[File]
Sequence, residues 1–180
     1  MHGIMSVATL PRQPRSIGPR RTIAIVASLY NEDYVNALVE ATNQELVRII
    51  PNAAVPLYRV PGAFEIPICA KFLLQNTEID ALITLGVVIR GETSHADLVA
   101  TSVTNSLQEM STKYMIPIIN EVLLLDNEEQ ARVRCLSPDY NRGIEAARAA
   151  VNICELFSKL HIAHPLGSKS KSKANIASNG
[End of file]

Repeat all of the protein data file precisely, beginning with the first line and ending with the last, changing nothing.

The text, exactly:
Sequence, residues 1–180
     1  MHGIMSVATL PRQPRSIGPR RTIAIVASLY NEDYVNALVE ATNQELVRII
    51  PNAAVPLYRV PGAFEIPICA KFLLQNTEID ALITLGVVIR GETSHADLVA
   101  TSVTNSLQEM STKYMIPIIN EVLLLDNEEQ ARVRCLSPDY NRGIEAARAA
   151  VNICELFSKL HIAHPLGSKS KSKANIASNG